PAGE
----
After just a couple of years in development, West scored the job of city manager of Long Beach in 2007. On Sept. 20, he will step down from the job of running the city. His 12 years at the top equals the length of tenure in recent history of James Hankla, who was city manager from 1987 to 1999. After Hankla, Henry Taboada served from 1999 until he was fired by the City Council in 2002, and Miller was appointed as interim city manager and later was chosen by the council to lead the city from 2004 to 2007.
West recalled applying for the job in 2007. “The city hired an executive search team and I went through everything with all the candidates. I was interviewed by the search firm and made the cut, then I was interviewed by the entire City Council and Mayor Bob Foster, then I got called back for a second interview and finally I learned I was lucky enough to get the job. I was ecstatic,” said West. “I was blown away, and I was scared at the same time.”
Foster, who was mayor of Long Beach from 2006 to 2014, recalled West as a man who was easy to work with. “He was a good choice for this city at a time when we were doing a lot of building and renewal,” said Foster. “He was a good person who really works hard. [He was involved with] a lot of the projects that are just coming into fruition now, the new civic center, the buildings across from the police department, the big tower on Alamitos and Ocean. He had a really good grounding in development. That’s what he was all about.”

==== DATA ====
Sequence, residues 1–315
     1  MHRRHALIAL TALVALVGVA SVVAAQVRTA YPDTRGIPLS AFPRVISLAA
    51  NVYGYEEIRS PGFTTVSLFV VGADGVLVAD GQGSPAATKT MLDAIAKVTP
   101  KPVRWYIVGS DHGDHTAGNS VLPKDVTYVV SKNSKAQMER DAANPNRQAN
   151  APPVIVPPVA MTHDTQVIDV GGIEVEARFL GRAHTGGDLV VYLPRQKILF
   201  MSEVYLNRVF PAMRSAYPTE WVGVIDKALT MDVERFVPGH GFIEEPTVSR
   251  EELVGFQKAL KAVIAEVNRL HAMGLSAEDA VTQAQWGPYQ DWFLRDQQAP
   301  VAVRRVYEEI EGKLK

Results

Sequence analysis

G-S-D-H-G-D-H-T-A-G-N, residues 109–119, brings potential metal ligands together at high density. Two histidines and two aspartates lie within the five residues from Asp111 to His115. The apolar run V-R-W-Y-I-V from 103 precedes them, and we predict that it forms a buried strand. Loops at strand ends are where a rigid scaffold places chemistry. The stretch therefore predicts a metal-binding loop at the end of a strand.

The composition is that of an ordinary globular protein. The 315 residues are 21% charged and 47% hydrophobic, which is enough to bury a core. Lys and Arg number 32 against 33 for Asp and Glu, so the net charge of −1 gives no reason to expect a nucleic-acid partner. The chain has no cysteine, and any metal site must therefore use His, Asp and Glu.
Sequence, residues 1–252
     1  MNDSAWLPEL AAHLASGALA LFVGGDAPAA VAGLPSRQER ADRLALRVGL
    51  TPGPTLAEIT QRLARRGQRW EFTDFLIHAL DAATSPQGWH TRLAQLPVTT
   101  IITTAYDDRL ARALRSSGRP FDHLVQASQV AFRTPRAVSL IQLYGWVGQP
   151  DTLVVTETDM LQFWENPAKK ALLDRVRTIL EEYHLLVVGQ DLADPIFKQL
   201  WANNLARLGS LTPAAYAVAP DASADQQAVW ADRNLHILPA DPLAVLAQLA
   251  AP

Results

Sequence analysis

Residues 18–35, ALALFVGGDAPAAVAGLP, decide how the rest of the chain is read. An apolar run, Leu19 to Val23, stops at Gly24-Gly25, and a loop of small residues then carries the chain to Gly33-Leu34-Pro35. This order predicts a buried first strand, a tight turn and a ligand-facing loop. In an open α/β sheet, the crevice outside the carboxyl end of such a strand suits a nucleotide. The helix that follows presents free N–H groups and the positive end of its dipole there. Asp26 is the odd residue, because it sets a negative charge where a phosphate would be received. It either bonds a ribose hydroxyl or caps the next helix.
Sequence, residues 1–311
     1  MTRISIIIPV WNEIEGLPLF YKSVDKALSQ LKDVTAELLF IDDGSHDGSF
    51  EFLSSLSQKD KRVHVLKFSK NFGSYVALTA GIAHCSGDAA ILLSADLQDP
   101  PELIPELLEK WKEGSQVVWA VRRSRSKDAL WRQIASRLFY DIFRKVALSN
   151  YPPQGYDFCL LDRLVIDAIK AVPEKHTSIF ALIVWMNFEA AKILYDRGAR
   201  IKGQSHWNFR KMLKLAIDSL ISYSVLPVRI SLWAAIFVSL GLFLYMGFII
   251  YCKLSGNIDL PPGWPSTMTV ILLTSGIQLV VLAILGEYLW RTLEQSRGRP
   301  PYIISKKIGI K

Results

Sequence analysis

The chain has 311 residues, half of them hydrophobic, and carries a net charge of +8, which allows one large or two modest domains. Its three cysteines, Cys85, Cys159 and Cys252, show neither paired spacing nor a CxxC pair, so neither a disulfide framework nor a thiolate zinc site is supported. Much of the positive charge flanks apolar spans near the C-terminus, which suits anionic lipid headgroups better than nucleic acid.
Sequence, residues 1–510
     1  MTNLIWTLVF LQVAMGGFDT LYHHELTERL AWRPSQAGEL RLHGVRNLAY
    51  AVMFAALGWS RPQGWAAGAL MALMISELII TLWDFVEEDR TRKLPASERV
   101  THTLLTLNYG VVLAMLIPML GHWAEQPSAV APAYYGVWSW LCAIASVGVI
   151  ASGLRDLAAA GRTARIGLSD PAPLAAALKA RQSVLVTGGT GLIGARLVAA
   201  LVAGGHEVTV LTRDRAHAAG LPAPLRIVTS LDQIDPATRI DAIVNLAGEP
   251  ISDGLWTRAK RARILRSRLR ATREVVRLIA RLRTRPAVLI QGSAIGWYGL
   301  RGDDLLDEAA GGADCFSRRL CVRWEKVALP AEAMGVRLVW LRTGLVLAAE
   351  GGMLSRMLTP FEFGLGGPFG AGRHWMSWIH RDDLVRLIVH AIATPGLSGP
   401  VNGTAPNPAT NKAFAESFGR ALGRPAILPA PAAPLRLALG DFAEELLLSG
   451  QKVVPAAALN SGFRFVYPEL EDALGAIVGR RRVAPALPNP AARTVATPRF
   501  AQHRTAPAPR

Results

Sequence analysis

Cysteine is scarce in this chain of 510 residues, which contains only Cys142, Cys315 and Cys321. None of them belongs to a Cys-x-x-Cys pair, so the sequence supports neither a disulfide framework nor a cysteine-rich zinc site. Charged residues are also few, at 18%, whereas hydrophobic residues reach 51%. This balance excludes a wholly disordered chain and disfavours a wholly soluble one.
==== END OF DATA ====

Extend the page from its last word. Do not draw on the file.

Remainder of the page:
West said he and Foster were good friends. On key issues, the two city leaders would sometimes argue about things, but, said West, “We’d have conversations and work it out and get along fine afterward.”
West will end his career as Long Beach city manager with Mayor Robert Garcia. “Pat has been great to work with,” said Garcia. “The thing is, he’s a good person, genuinely a good person. He’s kind and compassionate.”
Garcia and West have talked at least once a day over the thousands of issues involved with running a city. “We have an official leadership meeting once a week, but we talk all the time. Pop into each other’s office. It’s more like a conversation that just keeps going,” said Garcia.